MINNEAPOLIS (AP) — An Israeli immigrant who started a signage company in his basement and spent decades building it into a successful business was among five people slain by a fired employee at a Minneapolis workplace, authorities said.
Also killed were an avid sculptor and painter with a day job there and a UPS driver who made pickups and deliveries to the company for years. Police said he was simply in the wrong place at the wrong time.
Six people — including the suspected gunman — were shot to death Thursday afternoon at Accent Signage Systems, located in a quiet residential corner of northwest Minneapolis. Police say Andrew Engeldinger, 36, was fired from the company that afternoon and responded by fatally shooting others there before he turned the gun on himself in the building's basement.
Among those killed were Reuven Rahamim, 61, the company's founder; Rami Cooks, 62, of Minnetonka; Jacob Beneke, 34, of Maple Grove; Ronald Edberg, 58, of Brooklyn Center; and Keith Basinski, 50, a Wisconsin native who was the UPS driver.
Two other employees remained hospitalized, one in critical condition and the other in serious condition.
No details were immediately released about why Engeldinger was fired, but Minneapolis Police Chief Tim Dolan said it appeared he singled out some victims and spared others. Many of those killed or injured were management.
Jim Dow, a sales representative who frequently visited the business, said Saturday that he'd spoken to Accent employees and family members of victims. He said they told him that in recent months, Engeldinger had been running afoul of managers with confrontational behavior and unexplained absences from work.
"He was getting mouthy, belligerent," Dow said. Cooks, who's been described as Rahamim's right-hand man, "would take him aside and tell him that's not acceptable," Dow said. "He'd straighten up for a while and then this would crop up again."
Engeldinger's family offered sympathy to the victims in a statement through the National Alliance on Mental Illness. It said he had struggled with mental illness for years.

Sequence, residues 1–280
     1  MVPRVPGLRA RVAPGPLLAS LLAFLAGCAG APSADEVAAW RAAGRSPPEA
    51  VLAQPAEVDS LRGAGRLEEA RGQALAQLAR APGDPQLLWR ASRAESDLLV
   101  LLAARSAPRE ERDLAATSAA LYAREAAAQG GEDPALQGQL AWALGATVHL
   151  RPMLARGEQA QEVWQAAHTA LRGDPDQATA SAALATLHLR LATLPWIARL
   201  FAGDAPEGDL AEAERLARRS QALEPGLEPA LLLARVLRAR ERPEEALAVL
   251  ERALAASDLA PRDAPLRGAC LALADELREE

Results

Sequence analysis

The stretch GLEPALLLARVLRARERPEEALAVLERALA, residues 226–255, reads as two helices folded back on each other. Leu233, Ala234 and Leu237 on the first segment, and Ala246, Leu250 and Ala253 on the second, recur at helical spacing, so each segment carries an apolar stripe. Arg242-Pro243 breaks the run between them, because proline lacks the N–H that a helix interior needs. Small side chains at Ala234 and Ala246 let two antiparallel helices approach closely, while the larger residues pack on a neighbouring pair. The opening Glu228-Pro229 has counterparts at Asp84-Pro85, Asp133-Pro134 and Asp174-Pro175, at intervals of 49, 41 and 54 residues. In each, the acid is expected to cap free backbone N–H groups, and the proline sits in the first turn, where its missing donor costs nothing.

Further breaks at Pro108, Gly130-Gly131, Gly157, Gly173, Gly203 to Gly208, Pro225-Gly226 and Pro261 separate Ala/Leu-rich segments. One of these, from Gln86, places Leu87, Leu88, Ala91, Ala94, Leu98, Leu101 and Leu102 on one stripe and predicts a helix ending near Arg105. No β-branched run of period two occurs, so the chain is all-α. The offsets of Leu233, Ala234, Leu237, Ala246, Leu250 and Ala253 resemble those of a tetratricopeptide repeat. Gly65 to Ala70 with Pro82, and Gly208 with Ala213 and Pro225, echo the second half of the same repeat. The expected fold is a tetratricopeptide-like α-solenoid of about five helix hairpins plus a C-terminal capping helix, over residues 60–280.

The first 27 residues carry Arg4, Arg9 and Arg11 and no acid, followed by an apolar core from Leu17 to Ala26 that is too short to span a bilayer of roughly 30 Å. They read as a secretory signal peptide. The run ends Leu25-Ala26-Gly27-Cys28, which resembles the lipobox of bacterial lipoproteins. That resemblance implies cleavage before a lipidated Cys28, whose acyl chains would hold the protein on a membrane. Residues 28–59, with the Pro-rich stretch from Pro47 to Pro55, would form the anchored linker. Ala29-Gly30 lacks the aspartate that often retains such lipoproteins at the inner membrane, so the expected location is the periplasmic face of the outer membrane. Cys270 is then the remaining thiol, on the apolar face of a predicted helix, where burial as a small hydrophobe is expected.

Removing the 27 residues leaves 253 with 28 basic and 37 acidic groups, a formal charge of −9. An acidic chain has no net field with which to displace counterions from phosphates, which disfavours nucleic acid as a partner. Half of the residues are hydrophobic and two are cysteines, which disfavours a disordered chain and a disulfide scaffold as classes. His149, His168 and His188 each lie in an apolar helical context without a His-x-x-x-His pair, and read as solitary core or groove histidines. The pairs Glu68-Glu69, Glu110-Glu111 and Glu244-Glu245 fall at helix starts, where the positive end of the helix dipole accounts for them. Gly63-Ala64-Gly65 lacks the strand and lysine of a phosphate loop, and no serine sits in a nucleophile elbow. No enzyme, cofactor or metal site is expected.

"This is not an excuse for his actions, but sadly, may be a partial explanation," the statement said.
Engeldinger's parents were worried about their son's growing paranoia. In 2010, they sought help, enrolling in a 12-week class for families of the mentally ill.
For the last 21 months, the family said they reached out in hopes he would seek treatment. It was to no avail, as Engeldinger spurned their attempts at contact.
On Thursday night, they learned he was the gunman in Minnesota's deadliest workplace shooting.
"It's not unusual when you're isolating yourself, which we know that he did, that eventually the only people you have left is your family and your co-workers, and often your paranoia translates to them," Sue Abderholden, a mental health organization executive who is serving as spokeswoman for Engeldinger's family, said Saturday.
Rahamim's family asked that the focus of the tragedy be on those killed rather than the gunman. Rahamim's son-in law, Chad Blumenfield, wrote in an email that Rahamim was born and raised on a farm in Israel and was a soldier in the Israeli Army before leaving for the U.S. after the 1973 Yom Kippur Mideast War.
"He loved spending time with his children and grandchildren and especially loved to take his grandson for bike rides," Blumenfield wrote.
Beneke had a wife and a young son, said Lorrie Link, who heads the Maple Grove Arts Center. She said Beneke was a volunteer there, where he displayed his work and promoted the work of other artists in the suburb northwest of Minneapolis.